When Gina Serial moved to Orange County from the Naples, Florida area in 2004, it undoubtedly seemed the ideal locale for her career as an artist. Little did she know that her decision to come to the region would also lead to her founding Our Father’s Table, a ministry that has already helped more than 300 people overcome chronic homelessness since its inception in 2014.
As a classically trained artist specializing in custom projects for high-end residences, Seriel has created everything from murals to trompe l’oeils to hand-painted wallpaper. And indeed, Orange County’s luxury housing market afforded steady demand for her talent. But upon returning to the practice of her faith in her 40s, Seriel felt the Lord calling her to something greater.
“(I) felt that, ‘Lord, there’s got to be more to life than painting murals in people’s homes,’” she said. “I love what I do, but there’s just got to be more to life than that.”
RETURNING TO THE FOLD
Born and raised in a Cuban-Sicilian home, “Catholicism was pretty much in our blood from generations back,” Seriel said.
“So, I ended up going back to the Church and going, ‘Lord, where do you want me to be? What do you want me to do? Whatever you want my life to be for your purpose, let me know and I’ll do it,’” she explained.
She began attending Mass at Mission Basilica San Juan Capistrano, becoming involved with Serra’s Pantry among other ministries. While working with a particular woman through the ministry, Seriel witnessed firsthand how complicated rising out of chronic homelessness can be.
“Our Father’s Table kind of sprang from that daily Mass and that daily prayer of, ‘What do you want me to do?’” she said.
While the organization’s name evokes images of people coming to the Lord’s table as one, Seriel also sees it as a tribute to her own father. She recalls how he did not hesitate to share his meal with a hungry stranger in need outside a restaurant in Athens.
“It was instinctual. He didn’t even flinch,” she said.
A PERSONAL APPROACH
The U.S. Dept. of Housing and Urban Development defines a chronically homeless person as someone who is not part of a homeless family; has either been homeless for a year or more or has had at least four episodes of homelessness in the least three years; and has a disabling condition such as a substance- abuse disorder, a serious mental illness, a developmental disability or a chronic physical illness or disability.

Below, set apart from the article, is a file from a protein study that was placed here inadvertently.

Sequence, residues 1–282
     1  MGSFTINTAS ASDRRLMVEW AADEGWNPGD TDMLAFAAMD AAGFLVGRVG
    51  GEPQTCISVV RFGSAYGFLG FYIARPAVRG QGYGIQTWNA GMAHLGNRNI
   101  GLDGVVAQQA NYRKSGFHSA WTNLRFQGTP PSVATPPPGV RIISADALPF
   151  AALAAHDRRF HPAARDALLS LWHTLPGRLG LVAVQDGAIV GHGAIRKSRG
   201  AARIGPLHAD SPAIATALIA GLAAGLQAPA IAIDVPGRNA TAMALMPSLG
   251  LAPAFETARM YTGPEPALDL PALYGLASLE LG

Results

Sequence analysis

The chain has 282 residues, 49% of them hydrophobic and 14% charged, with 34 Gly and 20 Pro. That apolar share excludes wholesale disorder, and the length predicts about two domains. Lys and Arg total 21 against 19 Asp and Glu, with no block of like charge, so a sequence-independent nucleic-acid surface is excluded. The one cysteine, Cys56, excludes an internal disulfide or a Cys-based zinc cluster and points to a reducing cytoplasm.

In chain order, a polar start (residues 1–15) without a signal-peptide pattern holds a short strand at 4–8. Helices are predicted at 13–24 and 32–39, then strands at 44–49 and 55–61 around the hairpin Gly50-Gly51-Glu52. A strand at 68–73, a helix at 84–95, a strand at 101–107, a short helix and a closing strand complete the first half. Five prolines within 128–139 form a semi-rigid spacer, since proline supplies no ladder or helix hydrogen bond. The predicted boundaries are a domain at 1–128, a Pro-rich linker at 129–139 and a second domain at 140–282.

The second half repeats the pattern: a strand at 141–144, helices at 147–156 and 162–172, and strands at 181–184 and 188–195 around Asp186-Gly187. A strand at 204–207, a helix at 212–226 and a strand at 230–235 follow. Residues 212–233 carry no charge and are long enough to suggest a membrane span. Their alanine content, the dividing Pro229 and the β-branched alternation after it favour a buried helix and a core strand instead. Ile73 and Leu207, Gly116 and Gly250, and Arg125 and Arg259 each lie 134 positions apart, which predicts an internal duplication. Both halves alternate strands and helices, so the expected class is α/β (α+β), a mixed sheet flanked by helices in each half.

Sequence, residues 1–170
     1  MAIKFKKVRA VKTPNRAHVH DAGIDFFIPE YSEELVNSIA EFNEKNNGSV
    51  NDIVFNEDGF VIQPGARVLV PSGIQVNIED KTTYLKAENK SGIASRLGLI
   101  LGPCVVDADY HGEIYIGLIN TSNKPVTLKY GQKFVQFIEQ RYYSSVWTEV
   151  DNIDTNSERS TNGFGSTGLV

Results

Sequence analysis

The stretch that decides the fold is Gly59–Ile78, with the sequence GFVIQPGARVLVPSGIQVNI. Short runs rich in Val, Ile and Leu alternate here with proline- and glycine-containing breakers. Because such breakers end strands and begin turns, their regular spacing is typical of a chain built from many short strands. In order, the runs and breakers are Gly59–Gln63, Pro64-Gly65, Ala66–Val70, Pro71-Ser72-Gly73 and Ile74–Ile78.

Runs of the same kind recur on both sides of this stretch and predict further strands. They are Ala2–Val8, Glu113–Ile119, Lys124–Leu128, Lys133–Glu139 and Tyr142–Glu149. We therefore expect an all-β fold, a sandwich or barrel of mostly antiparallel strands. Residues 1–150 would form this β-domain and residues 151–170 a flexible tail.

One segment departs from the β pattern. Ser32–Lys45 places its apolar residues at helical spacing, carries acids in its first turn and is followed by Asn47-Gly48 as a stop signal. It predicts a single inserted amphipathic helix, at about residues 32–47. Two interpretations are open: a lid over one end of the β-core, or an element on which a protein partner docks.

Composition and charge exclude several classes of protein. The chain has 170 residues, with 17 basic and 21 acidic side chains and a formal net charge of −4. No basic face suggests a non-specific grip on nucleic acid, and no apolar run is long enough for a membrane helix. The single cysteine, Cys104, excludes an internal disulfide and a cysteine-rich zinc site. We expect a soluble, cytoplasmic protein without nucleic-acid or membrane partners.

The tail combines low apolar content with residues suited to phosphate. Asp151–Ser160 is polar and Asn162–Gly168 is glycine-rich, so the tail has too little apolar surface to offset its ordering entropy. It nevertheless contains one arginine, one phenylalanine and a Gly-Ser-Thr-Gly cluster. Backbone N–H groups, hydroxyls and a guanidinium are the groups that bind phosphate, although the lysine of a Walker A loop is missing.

“That group has a very specific set of needs, a very specific set of barriers,” Seriel said. “So, I decided to really focus on that – how can we help them? What are their needs? And from that point on, we created a homeless-intervention program, and from that intervention program we really work on restoration.”
Seriel noted that while there are hundreds of agencies and thousands of programs designed to serve the homeless, the chronically homeless are seldom aware of the programs that exist, much less which are best suited to help them personally. Moreover, Seriel has found that overcoming chronic homelessness typically requires interaction with dozens of agencies from the time one is homeless until one is in a stable housing situation.
“When someone enters into our program, we have a very one-on-one relationship with them … We become their mentor, we become their advocate, we become their navigator,” Seriel said. “We’re …looking at and what are the specific hurdles they’re trying to overcome… and then we address those together.”
Rather than drawing homeless people in through food drives and other events, Seriel and other Our Father’s Table volunteers actively go out seeking those in need. Seriel notes that while members of the homeless community suffering severe mental illness or addiction may be easy to spot, others maintain a low profile.
“I teach my volunteers all the time the little things to look for, for somebody who’s living on the street that normally you wouldn’t notice,” she said.
Our Father’s Table’s Care Navigators strive to build permanent friendships with those they see to help, an approach Seriel sees as a vital to the organization’s 95 percent success rate. Viewing the
individuals it serves as friends rather than clients, Our Father’s Table is better able to adapt to the desires of the individual, and even provide assistance if needed after the individual is no longer homeless.
“We have the unique ability to really connect with our folks – that’s one of our secret sauces for our success rate,” Seriel said. “These success stories aren’t the end results of something that we have created, that we have wanted for them. The end result is what they have wanted for themselves.”
For more information about Our Father’s Table, visit wwwourfatherstableus.org